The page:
Tuesday, April 15, 2008

Gay Couples Face Trouble in Divorce & Real Estate

April 15 2008 Jim W Hildreth Real Estate Mediator

Real Estate Disputes involve differnces in partnerships and they do not discriminate between those who are married, gay or "friends", living together. The pain and loss is equal.

What do we do with the investment property that we have owned, or the second home that is out of state, or sharing an office together.

The home that has lost its value in the current real estate climate in 2008.

I once heard that Real Estate is all about "Dreams" and sometimes those dreams are shattered and they involve real estate.

All parties in a dispute, need to be felt heard and the lines of communication is importnant role of a mediator. Being "Neutral" is key.

The following article is educational as often those who are in "gay" relationships face additional legal challenges that are different in each state.

I share the article has having value.

Some gay couples are having trouble obtaining divorces

By RAY HENRY, Associated Press Writer

PROVIDENCE, R.I. - Gay couples had to struggle mightily to win the right to marry or form civil unions. Now, some are finding that breaking up is hard to do, too.

In Rhode Island, for example, the state's top court ruled in December that gays married in neighboring Massachusetts can't get divorced here because lawmakers have never defined marriage as anything but a union between a man and woman. In Missouri, a judge is deciding whether a lesbian married in Massachusetts can get an annulment.

"We all know people who have gone through divorces. At the end of that long and unhappy period, they have been able to breathe a sigh of relief," said Cassandra Ormiston of Rhode Island, who is splitting from her wife, Margaret Chambers. But "I do not see that on my horizon, that sigh of relief that it's over."

Over the past four years, Massachusetts has been the only state where gay marriage is legal, while nine other states allow gay couples to enter into civil unions or domestic partnerships that offer many of the rights and privileges of marriage. The vast majority of these unions require court action to dissolve.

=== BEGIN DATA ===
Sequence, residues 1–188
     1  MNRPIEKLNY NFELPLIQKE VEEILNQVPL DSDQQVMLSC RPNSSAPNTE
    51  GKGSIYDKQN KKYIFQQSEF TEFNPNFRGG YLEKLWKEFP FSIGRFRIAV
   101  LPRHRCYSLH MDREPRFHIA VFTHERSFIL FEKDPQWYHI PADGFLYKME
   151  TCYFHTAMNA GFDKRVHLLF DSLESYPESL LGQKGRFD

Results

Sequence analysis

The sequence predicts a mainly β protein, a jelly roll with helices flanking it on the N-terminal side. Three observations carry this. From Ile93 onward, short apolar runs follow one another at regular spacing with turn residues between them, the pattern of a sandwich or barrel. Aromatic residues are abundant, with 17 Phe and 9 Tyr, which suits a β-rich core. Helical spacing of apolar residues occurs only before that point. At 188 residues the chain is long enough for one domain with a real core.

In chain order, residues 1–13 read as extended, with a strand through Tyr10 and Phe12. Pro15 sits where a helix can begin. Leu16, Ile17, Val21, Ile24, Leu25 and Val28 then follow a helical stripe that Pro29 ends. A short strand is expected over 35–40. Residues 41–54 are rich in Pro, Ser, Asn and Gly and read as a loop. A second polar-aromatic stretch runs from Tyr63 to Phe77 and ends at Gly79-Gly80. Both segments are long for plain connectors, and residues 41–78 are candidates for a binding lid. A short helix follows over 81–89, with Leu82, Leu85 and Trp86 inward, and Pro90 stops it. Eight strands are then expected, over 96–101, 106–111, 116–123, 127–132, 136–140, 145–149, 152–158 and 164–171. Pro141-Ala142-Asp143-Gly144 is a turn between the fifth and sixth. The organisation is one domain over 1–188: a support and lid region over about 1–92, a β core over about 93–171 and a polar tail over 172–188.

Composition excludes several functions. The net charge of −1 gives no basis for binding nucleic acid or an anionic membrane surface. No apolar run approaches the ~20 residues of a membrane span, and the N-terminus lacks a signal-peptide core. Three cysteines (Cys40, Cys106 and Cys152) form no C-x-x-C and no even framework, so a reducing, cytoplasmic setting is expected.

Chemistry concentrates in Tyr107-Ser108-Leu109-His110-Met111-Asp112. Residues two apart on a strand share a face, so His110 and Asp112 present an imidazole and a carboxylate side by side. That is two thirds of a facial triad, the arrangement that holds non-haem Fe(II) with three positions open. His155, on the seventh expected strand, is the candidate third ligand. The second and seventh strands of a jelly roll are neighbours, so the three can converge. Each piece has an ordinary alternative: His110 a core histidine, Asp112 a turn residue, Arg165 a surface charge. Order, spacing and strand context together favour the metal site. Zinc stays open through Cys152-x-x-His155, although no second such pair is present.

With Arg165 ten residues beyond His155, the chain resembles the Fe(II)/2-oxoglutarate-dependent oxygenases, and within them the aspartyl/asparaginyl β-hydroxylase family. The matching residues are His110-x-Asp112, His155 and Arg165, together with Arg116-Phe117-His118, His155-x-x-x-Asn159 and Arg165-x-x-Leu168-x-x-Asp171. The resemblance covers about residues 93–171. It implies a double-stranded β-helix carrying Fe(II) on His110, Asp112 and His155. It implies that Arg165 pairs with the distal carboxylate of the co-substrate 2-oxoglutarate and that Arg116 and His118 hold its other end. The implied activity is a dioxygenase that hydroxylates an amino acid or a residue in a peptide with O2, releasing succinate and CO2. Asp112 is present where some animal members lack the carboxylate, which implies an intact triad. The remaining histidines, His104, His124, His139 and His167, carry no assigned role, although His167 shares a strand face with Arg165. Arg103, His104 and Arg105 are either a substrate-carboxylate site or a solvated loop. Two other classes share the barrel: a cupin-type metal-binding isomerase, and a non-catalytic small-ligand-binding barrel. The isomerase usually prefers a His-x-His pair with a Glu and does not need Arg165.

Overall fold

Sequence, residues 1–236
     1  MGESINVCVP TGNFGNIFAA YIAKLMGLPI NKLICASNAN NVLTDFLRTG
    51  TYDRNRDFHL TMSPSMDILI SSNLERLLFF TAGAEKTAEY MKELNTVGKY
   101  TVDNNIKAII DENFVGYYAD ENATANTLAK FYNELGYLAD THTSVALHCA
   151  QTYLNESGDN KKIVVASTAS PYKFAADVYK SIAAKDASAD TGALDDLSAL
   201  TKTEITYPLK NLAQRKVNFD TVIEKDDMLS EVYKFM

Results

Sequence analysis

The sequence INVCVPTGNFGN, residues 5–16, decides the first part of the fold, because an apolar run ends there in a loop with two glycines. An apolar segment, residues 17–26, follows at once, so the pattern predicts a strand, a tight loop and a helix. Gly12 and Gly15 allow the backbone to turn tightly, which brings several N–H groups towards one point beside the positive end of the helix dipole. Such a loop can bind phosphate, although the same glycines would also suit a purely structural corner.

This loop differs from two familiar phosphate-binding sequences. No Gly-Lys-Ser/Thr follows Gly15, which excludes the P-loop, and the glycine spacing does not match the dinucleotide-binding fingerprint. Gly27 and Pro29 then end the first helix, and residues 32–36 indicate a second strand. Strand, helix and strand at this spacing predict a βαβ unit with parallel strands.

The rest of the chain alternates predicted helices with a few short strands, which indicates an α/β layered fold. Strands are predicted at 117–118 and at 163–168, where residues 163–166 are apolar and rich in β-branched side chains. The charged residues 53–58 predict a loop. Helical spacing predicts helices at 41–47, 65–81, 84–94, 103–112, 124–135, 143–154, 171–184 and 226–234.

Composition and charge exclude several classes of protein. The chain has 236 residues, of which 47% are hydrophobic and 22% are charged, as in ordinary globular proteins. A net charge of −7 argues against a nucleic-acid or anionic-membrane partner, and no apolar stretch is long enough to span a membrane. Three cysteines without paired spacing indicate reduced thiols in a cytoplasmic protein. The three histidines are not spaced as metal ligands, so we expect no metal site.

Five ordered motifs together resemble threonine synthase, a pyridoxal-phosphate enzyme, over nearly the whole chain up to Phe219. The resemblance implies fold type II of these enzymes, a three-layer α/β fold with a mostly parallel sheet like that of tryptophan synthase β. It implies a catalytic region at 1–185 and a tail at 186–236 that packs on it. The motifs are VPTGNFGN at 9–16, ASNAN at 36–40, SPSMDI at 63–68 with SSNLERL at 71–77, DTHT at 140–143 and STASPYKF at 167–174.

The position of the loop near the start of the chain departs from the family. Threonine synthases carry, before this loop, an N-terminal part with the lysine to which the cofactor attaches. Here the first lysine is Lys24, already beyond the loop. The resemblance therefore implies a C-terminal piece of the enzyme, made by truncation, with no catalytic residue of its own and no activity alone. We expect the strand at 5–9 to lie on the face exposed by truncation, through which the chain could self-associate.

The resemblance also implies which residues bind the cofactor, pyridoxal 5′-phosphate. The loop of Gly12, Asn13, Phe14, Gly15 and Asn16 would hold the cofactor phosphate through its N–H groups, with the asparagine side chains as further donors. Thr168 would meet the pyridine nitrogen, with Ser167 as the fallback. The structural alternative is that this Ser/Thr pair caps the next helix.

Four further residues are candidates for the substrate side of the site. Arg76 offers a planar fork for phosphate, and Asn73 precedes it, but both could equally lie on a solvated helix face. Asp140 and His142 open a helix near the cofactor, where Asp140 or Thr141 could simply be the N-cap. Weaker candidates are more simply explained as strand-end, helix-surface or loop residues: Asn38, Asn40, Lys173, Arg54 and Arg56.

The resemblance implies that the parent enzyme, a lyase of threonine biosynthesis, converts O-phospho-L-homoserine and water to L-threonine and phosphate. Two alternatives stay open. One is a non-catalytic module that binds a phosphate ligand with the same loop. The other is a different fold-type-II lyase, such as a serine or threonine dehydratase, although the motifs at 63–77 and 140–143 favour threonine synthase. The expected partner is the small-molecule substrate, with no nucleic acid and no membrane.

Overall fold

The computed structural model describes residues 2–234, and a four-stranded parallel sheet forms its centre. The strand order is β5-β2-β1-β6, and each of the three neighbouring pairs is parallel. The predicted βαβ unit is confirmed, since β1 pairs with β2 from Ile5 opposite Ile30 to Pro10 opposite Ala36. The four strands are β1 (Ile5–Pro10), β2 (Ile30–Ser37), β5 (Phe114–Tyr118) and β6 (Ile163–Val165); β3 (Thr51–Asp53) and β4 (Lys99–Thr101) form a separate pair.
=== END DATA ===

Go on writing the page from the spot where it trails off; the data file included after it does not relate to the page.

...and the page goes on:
Gay couples who still live in the state where they got hitched can split up with little difficulty; the laws in those states include divorce or dissolution procedures for same-sex couples. But gay couples who have moved to another state are running into trouble.

Massachusetts, at least early on, let out-of-state gay couples get married there practically for the asking. But the rules governing divorce are stricter. Out-of-state couples could go back to Massachusetts to get divorced, but they would have to live there for a year to establish residency first.

"I find that an unbelievably unfair burden. I own a home here, my friends are here, my life is here," said Ormiston, who is resigned to moving to Massachusetts for a year.
It's not clear how many gay couples have sought a divorce.

In Massachusetts, where more than 10,000 same-sex couples have married since 2004, the courts don't keep a breakdown of gay and heterosexual divorces. But Joyce Kauffman, a member of the Massachusetts Lesbian and Gay Bar Association, said probably more than 100 gay divorces have been granted in Massachusetts, and possibly many more.

She said she suspects the divorce rate among gays is lower than that among heterosexual couples, because many of the same-sex couples who got married in Massachusetts had probably been together for years.

Vermont has dissolved 2 percent of the 8,666 civil unions performed there since they became legal in 2000. Those numbers do not include couples who split up in another state.
Chambers and Ormiston wed in Massachusetts in 2004 and filed for divorce in 2006. But the Rhode Island Supreme Court last winter refused to recognize their marriage. That means at least 90 other gay couples from the state who got married in Massachusetts would not be able to divorce in Rhode Island if they wanted to.